its greatest activists. For Teresa, true ‘mysticism’ was never divorced from earthy, practical Christian love. She was action-woman extraordinaire, carrying within herself an inPast and present heroes and heroines of celibacy tense fervour to live and work for God as she burned with zeal to see her native Spain freed from the shackles of sham religion and hypocrisy. She laboured with all the fierce energy that lay within her, sometimes discour(1515-1582) aged, sometimes in danger, sometimes misunderstood, often ill, often exhausted, at times ‘DUENDE’ IS THE SPANISH word for a certain travelling in abominable conditions as she type of quality, that mysterious characteristic found in gypsies, bullfighters and flamenco dancworked with tireless expense for the kingdom of God. ers. It is a tempestuous, fiery energy with hotIn love with God! In love with people! In love blooded inspiration running wildly through it! It cannot be held down! It cannot be tamed! Teresa with nature! In love with life itself! This was Teresa. She loved to dance, she loved to play epitomised this rare Spanish quality. ‘Duende!’ the castanets, the drums and the tambouTeresa, born in Avila in central Spain, to a noble family, grew up in a time when the whole of rines. Her favourite colour to wear was orange and though often filled with merriment and Europe was embroiled in religious upheaval. By good humour, underneath she carried a rapt the end of her life she would see vast tracts of Europe overthrowing the old seriousness and longing for men and women to find Catholic order and embractheir way to God. ing the new fledgling Protestantism. For Teresa, her life calling to celibacy was no dull As a young woman, with thing. God, she describes, much of the passion she would exhibit in later years, as ‘the King of Majesty, her heavenly husband.’ Her she threw herself into evangelanguage describing her relising and healing the divisions between Catholics and lationship with God is often bridal - it could even be Protestants. She entered the taken by some to be erotic! Car melite Order in 1536, where she committed herself It is Spanish passion! It is a love affair! An exciting adto lifelong celibacy, poverty venture that she wouldn’t and obedience. Always a Catholic, Teresa miss for the world, even if at times extremely exactdeveloped an abhorrence of ing. the hypocrisy and double standards of Christians in Fo r Te re s a , C h r i s t i a n life, and particularly for her, her native Spain. With fiery celibate life, is meant to be hot-blooded zeal she took to the highways and byways A sculpture of Teresa showing lived to the full. There is no and began a reform move- her experience of being pierced self protection in it. She strongly laments mediocre ment which would stretch with the arrow of God’s love the length and breadth of Christian existence. ‘We won’t move out of this lower realm unless Spain. She established and reformed Chriswe go mad, take risks, embrace a holy insetian communities, teaching and speaking to beggars and business men, peasants and govcurity, full of holy daring. ‘We are not invited,’ Teresa writes humorously, ‘into the divine ernors, mule drivers and wayward monks wine cellar to sip a little here and there. We’re and even the King. Teresa has been described as one of the invited to drink every bottle so that we become totally God-intoxicated!’ greatest ‘mystics’ of the west and yet one of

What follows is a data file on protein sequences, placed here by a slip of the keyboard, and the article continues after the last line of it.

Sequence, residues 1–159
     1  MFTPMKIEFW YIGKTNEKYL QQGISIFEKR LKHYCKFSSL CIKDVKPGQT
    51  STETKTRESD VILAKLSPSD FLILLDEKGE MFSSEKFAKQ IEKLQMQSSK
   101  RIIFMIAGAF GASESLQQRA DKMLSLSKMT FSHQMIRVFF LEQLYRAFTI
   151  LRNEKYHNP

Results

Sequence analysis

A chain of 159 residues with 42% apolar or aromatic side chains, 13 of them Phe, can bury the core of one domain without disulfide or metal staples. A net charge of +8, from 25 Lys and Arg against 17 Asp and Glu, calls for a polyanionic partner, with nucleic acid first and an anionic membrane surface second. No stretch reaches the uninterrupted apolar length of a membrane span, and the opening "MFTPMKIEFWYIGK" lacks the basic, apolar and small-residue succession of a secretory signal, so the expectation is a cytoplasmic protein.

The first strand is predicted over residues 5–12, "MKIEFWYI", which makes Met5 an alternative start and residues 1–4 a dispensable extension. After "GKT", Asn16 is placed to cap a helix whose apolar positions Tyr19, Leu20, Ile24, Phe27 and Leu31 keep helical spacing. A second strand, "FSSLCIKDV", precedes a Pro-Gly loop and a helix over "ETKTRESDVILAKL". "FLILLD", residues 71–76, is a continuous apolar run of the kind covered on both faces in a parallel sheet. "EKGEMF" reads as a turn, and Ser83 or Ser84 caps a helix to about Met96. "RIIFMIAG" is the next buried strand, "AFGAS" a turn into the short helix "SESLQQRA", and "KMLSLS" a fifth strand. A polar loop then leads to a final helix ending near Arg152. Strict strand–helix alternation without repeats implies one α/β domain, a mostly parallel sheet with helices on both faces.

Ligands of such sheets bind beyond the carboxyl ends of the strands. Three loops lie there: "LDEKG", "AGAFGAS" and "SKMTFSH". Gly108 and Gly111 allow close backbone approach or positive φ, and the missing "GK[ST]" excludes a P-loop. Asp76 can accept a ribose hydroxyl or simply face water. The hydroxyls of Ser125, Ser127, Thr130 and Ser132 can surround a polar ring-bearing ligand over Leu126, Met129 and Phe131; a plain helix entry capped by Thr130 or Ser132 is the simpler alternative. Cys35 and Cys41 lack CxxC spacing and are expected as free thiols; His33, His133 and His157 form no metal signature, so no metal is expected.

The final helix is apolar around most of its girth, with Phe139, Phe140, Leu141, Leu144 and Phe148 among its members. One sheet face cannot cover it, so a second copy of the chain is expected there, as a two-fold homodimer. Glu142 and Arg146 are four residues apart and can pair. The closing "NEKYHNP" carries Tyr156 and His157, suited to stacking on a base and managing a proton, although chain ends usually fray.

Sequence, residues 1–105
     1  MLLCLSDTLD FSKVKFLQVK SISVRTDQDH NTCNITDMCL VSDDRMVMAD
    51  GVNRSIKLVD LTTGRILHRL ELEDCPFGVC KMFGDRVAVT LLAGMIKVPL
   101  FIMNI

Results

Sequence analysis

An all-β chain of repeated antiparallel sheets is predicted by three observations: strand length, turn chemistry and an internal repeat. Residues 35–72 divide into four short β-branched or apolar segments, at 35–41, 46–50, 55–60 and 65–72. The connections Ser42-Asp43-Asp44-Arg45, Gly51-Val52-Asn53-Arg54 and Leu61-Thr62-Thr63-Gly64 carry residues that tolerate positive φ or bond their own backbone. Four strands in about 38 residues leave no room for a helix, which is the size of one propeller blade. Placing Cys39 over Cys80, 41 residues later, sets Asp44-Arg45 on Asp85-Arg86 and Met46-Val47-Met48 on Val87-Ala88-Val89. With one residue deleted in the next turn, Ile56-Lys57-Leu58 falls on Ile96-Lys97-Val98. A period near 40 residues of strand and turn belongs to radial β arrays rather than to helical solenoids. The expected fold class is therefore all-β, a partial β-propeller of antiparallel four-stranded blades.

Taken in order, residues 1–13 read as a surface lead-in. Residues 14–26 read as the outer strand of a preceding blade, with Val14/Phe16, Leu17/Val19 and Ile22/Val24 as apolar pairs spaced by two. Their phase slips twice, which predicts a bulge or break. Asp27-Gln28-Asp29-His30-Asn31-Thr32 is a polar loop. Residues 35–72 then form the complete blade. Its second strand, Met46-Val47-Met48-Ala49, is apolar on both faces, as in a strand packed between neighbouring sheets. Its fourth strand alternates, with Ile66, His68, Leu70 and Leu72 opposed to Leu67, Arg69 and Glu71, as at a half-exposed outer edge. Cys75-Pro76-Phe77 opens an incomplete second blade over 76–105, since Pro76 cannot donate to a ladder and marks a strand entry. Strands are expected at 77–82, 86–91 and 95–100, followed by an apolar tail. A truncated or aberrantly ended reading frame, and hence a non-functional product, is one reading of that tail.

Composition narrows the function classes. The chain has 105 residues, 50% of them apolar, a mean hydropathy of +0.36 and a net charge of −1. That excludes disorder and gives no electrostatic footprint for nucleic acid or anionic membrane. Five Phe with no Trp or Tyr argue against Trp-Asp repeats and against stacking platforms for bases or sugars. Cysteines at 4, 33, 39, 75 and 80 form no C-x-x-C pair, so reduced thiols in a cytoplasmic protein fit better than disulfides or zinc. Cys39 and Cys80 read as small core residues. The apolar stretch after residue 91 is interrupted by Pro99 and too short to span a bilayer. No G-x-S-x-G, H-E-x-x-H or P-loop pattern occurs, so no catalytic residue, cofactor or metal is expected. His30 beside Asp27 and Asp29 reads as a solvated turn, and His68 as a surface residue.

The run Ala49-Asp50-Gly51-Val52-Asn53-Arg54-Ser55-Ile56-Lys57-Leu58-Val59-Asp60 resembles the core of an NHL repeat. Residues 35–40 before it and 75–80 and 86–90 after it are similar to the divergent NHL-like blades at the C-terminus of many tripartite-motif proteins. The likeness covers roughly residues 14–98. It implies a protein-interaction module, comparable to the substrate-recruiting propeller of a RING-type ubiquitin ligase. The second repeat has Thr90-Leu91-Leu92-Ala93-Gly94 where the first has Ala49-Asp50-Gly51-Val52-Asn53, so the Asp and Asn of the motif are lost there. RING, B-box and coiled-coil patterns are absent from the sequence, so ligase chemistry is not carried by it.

Single, but not alone